Ministry of FLNRO

Snow Survey and Water Supply Bulletin (February 1, 2015)

The February 1st snow survey is now complete. Data from 109 snow courses and 50 snow pillows around the province and climate data from Environment Canada have been used to form the basis for the following report.

Click here for the Snow Survey and Water Supply Bulletin as a PDF file.

Click here for the February 1, 2015 Snow Basin Index Map.

Click here for the complete February 1, 2015 Snow Survey Data.

Weather
Temperatures across British Columbia continued to be well above normal through the month of January. Temperatures were generally 2-4°C above normal, with the largest temperature anomalies occurring in the Central Interior and northern British Columbia. January sea surface temperature anomalies in the Pacific Ocean off the shores of British Columbia have continued to be several degrees above normal.

January precipitation trends have been varied across the province. Vancouver Island, South Coast, and Kootenays experienced below normal precipitation. Above normal precipitation occurred in the Okanagan, Interior, Central Coast and Northwest BC. With increased temperatures, particularly on Vancouver Island and south-west BC, rainfall was the dominant form of precipitation through mid-elevation terrain.

Snowpack
Snow pack accumulation trends from early in the season have persisted throughout January. With the exception of the Upper Fraser West and the Central Coast, all regions of the province have below normal February 1st snow basin indices (Figure 1). Snow basin indices range from a low of 12 % on the Skagit to a high of 148% of in Upper Fraser - West (Table 1 and Figure 1).

Table 1 - BC Snow Basin Indices – February 1, 2015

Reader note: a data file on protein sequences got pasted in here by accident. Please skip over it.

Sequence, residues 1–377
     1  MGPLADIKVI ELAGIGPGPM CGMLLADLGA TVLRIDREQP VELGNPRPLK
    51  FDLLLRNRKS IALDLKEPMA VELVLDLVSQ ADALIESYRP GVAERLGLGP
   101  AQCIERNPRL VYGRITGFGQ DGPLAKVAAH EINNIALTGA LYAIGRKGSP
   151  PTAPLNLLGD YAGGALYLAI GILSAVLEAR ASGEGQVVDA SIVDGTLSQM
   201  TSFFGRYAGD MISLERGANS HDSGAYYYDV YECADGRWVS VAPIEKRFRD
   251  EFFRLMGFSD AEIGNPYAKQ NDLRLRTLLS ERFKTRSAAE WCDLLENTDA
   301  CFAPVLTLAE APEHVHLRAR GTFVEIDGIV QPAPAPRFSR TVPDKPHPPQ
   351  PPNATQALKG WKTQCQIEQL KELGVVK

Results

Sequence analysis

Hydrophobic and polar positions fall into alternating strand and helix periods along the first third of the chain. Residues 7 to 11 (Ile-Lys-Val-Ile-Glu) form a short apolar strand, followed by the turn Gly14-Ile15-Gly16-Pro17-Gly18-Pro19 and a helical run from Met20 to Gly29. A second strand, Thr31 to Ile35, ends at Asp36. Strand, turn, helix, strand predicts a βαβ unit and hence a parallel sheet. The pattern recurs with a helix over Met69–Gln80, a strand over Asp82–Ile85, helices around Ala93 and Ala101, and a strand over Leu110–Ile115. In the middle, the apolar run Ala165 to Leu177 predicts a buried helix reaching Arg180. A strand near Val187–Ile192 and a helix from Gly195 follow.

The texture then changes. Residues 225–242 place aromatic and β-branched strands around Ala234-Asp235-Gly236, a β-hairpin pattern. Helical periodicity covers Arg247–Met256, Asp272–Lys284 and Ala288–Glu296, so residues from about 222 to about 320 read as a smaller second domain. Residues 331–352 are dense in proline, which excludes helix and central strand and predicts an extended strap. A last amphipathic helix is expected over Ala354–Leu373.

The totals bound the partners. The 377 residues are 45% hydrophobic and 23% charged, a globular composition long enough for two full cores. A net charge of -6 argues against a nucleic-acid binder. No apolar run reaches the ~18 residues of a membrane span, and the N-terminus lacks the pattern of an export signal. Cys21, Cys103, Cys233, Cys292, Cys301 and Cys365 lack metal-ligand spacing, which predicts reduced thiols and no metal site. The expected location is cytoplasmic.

Basin

% of Normal

Basin

% of Normal

Upper Fraser West

148

Boundary

87

Upper Fraser East

98

Similkameen

96

Nechako

109

South Coast

29

Middle Fraser

86

Vancouver Island

33

Lower Fraser

36

Central Coast

115

North Thompson

87

Skagit

12

South Thompson

90

Peace

91

Upper Columbia

97

Skeena-Nass

96

West Kootenay

84

Stikine

85

East Kootenay

80

Liard

77

Okanagan

92

Northwest

NO DATA

Near-normal (90-100%) to slightly below normal (80-90%) snow packs are present through most of the province. Extremely low snow packs (<40%) are present throughout south-west BC, including the Lower Fraser, South Coast, Vancouver Island and Skagit basins. This is the result of both warmer temperatures and drier conditions through the winter in these regions.

Variability in snow packs are present within snow basins. Above normal (>120%) snow measurements were observed in areas surrounding the Cariboo Mountains, Bowron and headwaters of the Quesnel River, West Central BC including areas around Burns Lake, Francois Lake and around Houston, and through the Chilcotin.

Outlook
Warm Pacific Ocean temperatures and weak El Niño-like conditions are expected to persist into the spring. These will likely drive continued warmer than average temperatures, particularly along coastal sections of the province. Environment Canada is forecasting a high likelihood of above normal temperatures over the February to April period across British Columbia.

By early February, two-thirds of the annual BC snowpack has typically accumulated. With the current seasonal weather outlook and snow pack conditions in south-west British Columbia, it is unlikely that snow packs will recovery significantly unless the region experiences much higher than normal precipitation over the next few months. Depending on spring weather, low flows can be expected to occur earlier than normal on Vancouver Island, South Coast, Skagit and Lower Fraser basins, and there is an increased risk of low flows through the summer.

At a basin-wide scale, higher than normal snow packs in the Upper Fraser West basin indicate a trend towards increased seasonal flood risk in the unregulated regions of the Nechako basin this year. Similar smaller pockets of higher snow packs and potential increased flood risk exist in west central BC (Houston, Burns Lake, Vanderhoof), West Chilcotin, and Cariboo Mountains (Bowron River, Quesnel River and area). However, with two or more months still left of the snow accumulation season, conditions may change in these or other areas of the province.

The River Forecast Centre will continue to monitor snow pack conditions and will provide an updated seasonal flood risk forecast in the March 1st 2015 bulletin, which is scheduled for release on March 9th.

BC River Forecast Centre
February 6, 2015